For example, the level of annual spending on these infrastructure items together may have reached Rs 100 billion during recent years, which is 100 times the amount spent just 30 years ago. Even discounting for inflation, the speed of increase in government spending—regular and infrastructure—has been phenomenal, whereas the average quality of administration and of infrastructures has deteriorated, offsetting the benefits from their larger physical size.
I have always been surprised by the zeal Finance Ministers have shown in collecting the maximum amount of revenue possible and have received public accolade for breaking the previous record. During recent times, Baburam Bhattarai is remembered most for his charm offensive for tax collection when he headed the Finance Ministry in 2008-09. In the current fiscal year, despite setbacks to the economy on several fronts including a lower economic growth, government revenue is projected to increase by 20 percent to an unprecedented level of Rs 240 billion, close to the budget target of Rs.247 billion. Total spending is projected at Rs 375 billion, about a similar percentage increase.
Both represent large amounts in absolute terms as well as in terms of GDP. With revenue at about 20 percent and spending upward of 30 percent of GDP, government presence in the economy is one of the highest in the world!
There are a number of things we need to look into to get a proper perspective on the pros and cons of government expansion. The first point we should note is that government has not been an efficient user of the country’s economic resources and of its revenue resources in particular. For example, if the government would have been a non-profit or philanthropic enterprise, then ideally no more than 20 percent of revenue receipts would be spent for administrative purposes. With government’s current spending, excluding debt payments, approaching Rs 200 billion or 80 percent of total revenues, this reflects a rare case of government inefficiency. The country gets very little return for government’s administrative expenses, compared to, for example, if this much money could have been left in private hands.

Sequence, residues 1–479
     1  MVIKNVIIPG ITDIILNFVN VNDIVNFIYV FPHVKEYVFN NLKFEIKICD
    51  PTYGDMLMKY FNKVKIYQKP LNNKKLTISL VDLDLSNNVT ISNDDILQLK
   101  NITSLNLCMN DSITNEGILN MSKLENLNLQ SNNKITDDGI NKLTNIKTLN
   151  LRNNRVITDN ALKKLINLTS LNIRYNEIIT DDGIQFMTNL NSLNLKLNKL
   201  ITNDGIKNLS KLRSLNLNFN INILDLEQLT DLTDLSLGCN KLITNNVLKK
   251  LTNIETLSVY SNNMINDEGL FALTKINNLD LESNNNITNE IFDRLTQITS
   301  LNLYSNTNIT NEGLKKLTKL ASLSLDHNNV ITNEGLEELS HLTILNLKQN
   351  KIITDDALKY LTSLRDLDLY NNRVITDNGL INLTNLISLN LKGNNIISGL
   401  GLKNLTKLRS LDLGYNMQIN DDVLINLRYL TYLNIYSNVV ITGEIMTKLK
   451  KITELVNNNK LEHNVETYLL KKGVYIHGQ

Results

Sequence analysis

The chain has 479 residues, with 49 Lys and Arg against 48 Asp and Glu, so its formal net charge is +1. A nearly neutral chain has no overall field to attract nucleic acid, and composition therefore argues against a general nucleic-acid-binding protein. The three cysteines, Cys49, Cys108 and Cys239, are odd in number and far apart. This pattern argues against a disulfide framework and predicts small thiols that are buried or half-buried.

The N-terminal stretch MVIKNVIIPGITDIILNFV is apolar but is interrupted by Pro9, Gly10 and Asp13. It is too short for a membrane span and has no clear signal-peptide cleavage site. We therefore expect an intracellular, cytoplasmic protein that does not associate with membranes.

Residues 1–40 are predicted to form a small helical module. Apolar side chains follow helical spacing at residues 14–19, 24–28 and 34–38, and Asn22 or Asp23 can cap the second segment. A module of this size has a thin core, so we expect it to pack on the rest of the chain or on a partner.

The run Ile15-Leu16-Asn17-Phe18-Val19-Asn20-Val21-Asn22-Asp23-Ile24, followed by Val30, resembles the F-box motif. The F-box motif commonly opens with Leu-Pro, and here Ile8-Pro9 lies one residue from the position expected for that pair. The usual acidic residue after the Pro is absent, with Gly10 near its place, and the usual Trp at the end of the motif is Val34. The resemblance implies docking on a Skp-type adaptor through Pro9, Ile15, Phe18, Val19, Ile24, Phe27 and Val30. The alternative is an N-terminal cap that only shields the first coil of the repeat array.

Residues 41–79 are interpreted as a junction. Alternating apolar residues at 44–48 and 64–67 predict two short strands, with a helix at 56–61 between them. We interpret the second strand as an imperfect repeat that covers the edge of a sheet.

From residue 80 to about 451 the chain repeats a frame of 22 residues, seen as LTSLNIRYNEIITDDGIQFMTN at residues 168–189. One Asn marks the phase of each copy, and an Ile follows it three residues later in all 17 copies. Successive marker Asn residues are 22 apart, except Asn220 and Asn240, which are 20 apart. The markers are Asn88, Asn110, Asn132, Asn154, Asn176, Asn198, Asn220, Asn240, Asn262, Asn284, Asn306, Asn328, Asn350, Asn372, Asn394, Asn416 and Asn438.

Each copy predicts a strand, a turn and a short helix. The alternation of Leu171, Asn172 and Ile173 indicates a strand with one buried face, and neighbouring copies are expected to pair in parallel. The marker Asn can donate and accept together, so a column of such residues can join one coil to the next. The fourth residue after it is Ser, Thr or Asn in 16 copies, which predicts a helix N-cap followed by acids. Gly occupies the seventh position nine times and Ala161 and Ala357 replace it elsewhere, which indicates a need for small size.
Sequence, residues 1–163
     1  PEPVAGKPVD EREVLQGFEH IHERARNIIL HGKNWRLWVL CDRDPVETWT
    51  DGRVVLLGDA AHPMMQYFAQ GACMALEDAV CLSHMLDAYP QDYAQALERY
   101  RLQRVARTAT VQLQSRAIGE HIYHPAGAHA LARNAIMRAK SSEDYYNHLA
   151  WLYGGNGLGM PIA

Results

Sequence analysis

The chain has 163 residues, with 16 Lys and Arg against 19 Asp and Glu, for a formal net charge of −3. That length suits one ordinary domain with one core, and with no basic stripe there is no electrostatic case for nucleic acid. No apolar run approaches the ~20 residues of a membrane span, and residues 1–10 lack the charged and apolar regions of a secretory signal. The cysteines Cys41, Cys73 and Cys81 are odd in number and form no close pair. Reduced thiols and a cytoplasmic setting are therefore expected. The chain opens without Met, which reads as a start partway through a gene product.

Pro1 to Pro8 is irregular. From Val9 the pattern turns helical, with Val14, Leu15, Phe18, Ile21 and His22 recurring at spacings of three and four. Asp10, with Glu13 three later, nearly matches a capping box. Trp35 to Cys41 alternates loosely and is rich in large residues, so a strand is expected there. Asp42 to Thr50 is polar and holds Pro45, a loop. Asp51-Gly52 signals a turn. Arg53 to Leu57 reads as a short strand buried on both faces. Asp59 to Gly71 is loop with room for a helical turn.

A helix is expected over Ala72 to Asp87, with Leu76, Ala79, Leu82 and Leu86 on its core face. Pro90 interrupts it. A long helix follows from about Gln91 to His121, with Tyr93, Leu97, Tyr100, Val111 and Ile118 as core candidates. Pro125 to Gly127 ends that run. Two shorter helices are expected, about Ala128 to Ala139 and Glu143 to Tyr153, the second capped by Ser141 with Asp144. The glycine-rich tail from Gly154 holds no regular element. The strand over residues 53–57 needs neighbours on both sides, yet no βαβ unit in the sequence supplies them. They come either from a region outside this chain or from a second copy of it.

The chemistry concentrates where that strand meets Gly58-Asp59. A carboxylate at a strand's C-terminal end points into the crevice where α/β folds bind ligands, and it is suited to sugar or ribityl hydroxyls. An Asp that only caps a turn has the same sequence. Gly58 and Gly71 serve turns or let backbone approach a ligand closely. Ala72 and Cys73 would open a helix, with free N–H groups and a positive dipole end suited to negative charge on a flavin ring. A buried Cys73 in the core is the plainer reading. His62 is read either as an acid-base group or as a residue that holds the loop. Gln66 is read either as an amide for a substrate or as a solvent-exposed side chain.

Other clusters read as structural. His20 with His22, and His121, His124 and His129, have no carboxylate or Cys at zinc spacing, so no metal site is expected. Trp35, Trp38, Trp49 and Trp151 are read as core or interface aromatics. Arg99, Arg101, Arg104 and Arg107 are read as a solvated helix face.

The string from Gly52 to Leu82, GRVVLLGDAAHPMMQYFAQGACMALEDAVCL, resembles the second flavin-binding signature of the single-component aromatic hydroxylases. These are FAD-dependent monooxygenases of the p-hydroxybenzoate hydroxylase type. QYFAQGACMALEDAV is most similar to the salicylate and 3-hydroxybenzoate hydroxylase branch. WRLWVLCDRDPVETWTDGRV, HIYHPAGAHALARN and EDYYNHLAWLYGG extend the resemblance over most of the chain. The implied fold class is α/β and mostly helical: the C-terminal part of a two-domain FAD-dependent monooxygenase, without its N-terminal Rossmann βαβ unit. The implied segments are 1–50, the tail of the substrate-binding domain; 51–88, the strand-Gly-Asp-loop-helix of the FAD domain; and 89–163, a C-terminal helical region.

Second, growth in revenues has justified (even encouraged) larger spending by government—from its own resources and from the enlarged access that higher revenue gives to acquire domestic and foreign loans. Government’s debt burden has thus ballooned, far exceeding its debt-servicing capacity. Third, growth in government spending justifies the need for further revenue generation and tax hikes, which creates disincentive for private enterprise and pushes much of the economy underground. Fourth, and finally, a larger tax-burden on domestic production discourages investment and weakens competitiveness that tends to undermine the economy’s growth potential.
Inefficiencies of government spending and high tax make strong case for rolling back government operations and giving private players a bigger role.
Such well-recognized inefficiencies of government spending and disincentive ensuing from associated high tax burden makes a strong case for the rolling back of government operations to allow private enterprise to play a greater role, than when government size is expanding more rapidly than the economy as a whole. A lesser tax burden and related cuts in government spending would help promote economic growth and improve living standards in a much surer manner than if government is trusted for economic leadership, which it has done for decades.
Look, then, at what kind of budget Minister Pun puts forward for the next year. If he takes pride in enlarging the role of government in the economy—promising a double-digit growth in revenue and spending—ask him to go back to the drawing board and force him to re-do his budget. Advisedly, he should slim it down to the bare bones—about half the size of what it is now and what, most likely, he is going to propose.